• Dr. Timothy Scott, Ph.D., lecturer and author of America Fooled, wrote that PET scans (brain scans) “seem so scientific that they are convincing. In truth, PET scans do not prove depression or schizophrenia or other mental disorders result from chemical imbalances or a defective brain.” Advertisements that claim otherwise “are paid for by drug companies that want you to believe that your brain chemistry may be messed up and that taking their $150 [€118] per month pills will fix your problem.” 7
  • The New York Times summed up research spanning 30 years revealing that psychiatrists and researchers have never established brain imaging as a means for diagnosing any mental disorders or biological or physical cause for one. 8

 Mental disorders not genetic

  • Psychiatry makes “ unproven claims that depression, bipolar illness, anxiety disorders, alcoholism and a host of other disorders are in fact primarily biologic and probably genetic in origin,” says psychiatrist David Kaiser. (Emphasis added)” 9
  • Dr. Bruce Levine, Ph.D., author of Commonsense Rebellion, concurs: “Remember that no biochemical, neurological, or genetic markers have been found for attention deficit disorder, oppositional defiant disorder, depression, schizophrenia, anxiety, compulsive alcohol and drug abuse, overeating, gambling, or any other so‑called mental illness, disease, or disorder.” 10
  • In his book Blaming The Brain, biopsychologist Elliot S. Valenstein says the “biochemical” theory is held onto only because it is “useful in promoting drug treatment.” Carl Elliot, a bioethicist at the University of Minnesota, sums it up: “The way to sell drugs is to sell psychiatric illness.” 11

 Refferences:

  • 1 Kelly Patricia O’Meara, Psyched Out: How Psychiatry Sells Mental Illness and Pushes Pills That Kill (AuthorHouse, 2006), pp. 47–48, citing Jonathan Leo paper, “The Biology of Mental Illness,” 2004.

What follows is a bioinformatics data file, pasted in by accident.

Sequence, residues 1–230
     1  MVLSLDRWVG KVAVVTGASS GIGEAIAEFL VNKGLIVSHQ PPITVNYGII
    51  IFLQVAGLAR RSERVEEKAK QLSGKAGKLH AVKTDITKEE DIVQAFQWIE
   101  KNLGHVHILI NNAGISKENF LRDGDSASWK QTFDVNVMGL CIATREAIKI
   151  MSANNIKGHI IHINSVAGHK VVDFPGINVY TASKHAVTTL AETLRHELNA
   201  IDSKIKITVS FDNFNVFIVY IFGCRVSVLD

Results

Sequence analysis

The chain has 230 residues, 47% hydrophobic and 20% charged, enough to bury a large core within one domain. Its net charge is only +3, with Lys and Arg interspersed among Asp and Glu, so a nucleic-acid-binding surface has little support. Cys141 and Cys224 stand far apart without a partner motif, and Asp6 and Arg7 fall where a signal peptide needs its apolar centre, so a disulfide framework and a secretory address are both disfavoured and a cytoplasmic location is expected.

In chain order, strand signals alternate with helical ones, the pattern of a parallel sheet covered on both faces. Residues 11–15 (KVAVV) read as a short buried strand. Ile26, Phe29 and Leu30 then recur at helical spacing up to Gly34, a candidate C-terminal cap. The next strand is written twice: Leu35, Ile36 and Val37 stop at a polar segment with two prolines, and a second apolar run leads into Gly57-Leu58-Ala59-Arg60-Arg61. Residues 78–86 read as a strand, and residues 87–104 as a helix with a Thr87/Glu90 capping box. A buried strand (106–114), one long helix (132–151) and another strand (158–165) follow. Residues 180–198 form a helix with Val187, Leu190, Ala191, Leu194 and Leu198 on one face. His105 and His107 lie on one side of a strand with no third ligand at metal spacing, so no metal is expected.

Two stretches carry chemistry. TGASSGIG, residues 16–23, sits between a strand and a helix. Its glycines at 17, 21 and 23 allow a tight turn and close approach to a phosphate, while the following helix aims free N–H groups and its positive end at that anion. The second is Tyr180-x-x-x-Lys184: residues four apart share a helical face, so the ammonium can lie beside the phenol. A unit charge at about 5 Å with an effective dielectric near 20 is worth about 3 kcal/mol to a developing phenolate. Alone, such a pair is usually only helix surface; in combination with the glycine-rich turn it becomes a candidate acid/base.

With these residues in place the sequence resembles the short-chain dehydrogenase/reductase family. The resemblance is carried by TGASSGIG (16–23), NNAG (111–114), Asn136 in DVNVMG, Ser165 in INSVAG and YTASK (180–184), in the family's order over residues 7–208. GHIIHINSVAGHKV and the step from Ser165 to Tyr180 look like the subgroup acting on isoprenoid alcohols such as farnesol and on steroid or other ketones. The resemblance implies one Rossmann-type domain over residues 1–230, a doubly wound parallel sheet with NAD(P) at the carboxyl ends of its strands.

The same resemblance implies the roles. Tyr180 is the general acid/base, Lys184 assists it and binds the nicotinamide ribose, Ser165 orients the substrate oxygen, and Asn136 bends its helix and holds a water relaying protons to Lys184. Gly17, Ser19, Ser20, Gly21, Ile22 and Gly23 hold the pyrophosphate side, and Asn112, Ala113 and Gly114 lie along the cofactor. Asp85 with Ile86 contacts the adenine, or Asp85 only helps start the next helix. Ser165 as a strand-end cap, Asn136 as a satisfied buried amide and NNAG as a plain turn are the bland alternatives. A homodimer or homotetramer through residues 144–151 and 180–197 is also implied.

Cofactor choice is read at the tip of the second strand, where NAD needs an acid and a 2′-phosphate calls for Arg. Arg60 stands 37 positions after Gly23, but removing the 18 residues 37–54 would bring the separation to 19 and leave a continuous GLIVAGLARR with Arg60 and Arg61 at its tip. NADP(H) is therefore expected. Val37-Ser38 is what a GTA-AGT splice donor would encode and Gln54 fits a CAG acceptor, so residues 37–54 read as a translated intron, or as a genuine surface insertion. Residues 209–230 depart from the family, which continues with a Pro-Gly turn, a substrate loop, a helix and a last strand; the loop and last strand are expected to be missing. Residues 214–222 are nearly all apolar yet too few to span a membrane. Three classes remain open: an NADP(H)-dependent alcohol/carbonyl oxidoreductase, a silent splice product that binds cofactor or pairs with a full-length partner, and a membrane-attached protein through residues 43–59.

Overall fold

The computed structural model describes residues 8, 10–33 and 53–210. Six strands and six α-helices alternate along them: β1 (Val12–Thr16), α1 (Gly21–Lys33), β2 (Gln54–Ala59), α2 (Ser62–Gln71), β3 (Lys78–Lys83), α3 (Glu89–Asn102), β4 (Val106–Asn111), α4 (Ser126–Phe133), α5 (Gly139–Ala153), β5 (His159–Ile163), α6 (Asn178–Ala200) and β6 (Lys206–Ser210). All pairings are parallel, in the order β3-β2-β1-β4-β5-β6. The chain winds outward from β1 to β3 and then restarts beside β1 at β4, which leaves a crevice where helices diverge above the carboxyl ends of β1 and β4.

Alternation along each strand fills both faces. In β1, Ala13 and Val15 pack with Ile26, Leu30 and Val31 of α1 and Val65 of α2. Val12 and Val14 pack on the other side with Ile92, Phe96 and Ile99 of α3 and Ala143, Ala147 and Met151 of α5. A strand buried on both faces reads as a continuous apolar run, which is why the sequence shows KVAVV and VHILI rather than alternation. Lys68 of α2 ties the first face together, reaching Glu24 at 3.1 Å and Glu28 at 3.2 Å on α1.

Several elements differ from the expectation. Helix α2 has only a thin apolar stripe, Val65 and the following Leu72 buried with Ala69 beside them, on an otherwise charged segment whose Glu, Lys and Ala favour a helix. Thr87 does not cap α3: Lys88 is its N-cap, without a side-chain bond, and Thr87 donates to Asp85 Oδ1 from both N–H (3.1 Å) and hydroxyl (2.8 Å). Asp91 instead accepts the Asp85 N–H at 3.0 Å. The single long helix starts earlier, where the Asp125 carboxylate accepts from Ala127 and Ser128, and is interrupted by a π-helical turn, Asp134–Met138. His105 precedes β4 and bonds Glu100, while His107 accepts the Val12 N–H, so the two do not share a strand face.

• 2 Interview for documentary, Psychiatry: An Industry of Death, Citizens Commission on Human Rights (Los Angeles), 2006.
  • 3 Joseph Glenmullen, MD, Prozac Backlash, (Simon & Schuster, New York, 2000), p. 195–196.
  • 4 Edward Drummond, MD, The Complete Guide to Psychiatric Drugs (John Wiley & Sons, Inc., New York, 2000), pp. 15–16.
  • 5 Dr. Darshak Sanghavi, “Health Care System Leaves Mentally Ill Children Behind,” The Boston Globe, 27 Apr. 2004.
  • 6 Lisa M. Krieger, “Some Question Value of Brain Scan; Untested Tool Belongs in Lab Only, Experts Say,” The Mercury News, 4 May 2004.
  • 7 Dr. Timothy Scott, America Fooled: The Truth About Antidepressants, Antipsychotics and How We’ve Been Deceived, (Argo Publishing, LLC, 2006), p. 62.
  • 8 “Brain scans still unable to detect mental illness,” The New York Times, Oct. 2005.
  • 9 David Kaiser, MD, “Commentary: Against Biologic Psychiatry,” Psychiatric Times, Vol. XIII, Issue 12, Dec. 1996.
  • 10 Elliot S. Valenstein, Ph.D., Blaming the Brain, (The Free Press, New York, 1998), p. 4.
  • 11 Shankar Vedantam, “Drug Ads Hyping Anxiety Make Some Uneasy,” The Washington Post, 16 July 2001.

Claims of a chemical imbalance  in your brain’s chemistry by Dr. Cathal P Grant MD, Bedford, Texas,   is just in another fraud ploy in getting you on these (these drugs do include Adderall, Antidepressants, which include the SSRI Class of drugs) Psychotropic drugs so he can make you an addict to these Psychotropic drugs so he can keep you coming back for you Psychotropic drug hit, and he can keep collecting office fees for no other reason to feed his greed for wealth, and his policy of spending only five minutes with each patient for more profit (he should be spending and hour with each patient in “talk therapy”, he would like you to think his nurse practitioner can provide this “talk therapy”, but in actually their training is limited and the harm they can do is very great, due to this lack of training, and personal issues they bring in with them that harms the patient and their careers, children, families, and marriages).

Promenade physicians as Dr. Mercola, Dr. Hayman, and Dr. Drew respected and nationally known physicians have come out against this form of medical quackery and the casual prescribing of Psychotropic medications including their “cocktails” of medications (more than one Psychotropic medications prescribed together at the same time, creating a more toxic combination in the body) (these drugs do include Adderall, Antidepressants, which include the SSRI Class of drugs), and in our experience this is how Dr. Cathal P Grant MD, Bedford, Texas, operates, and treats his patients.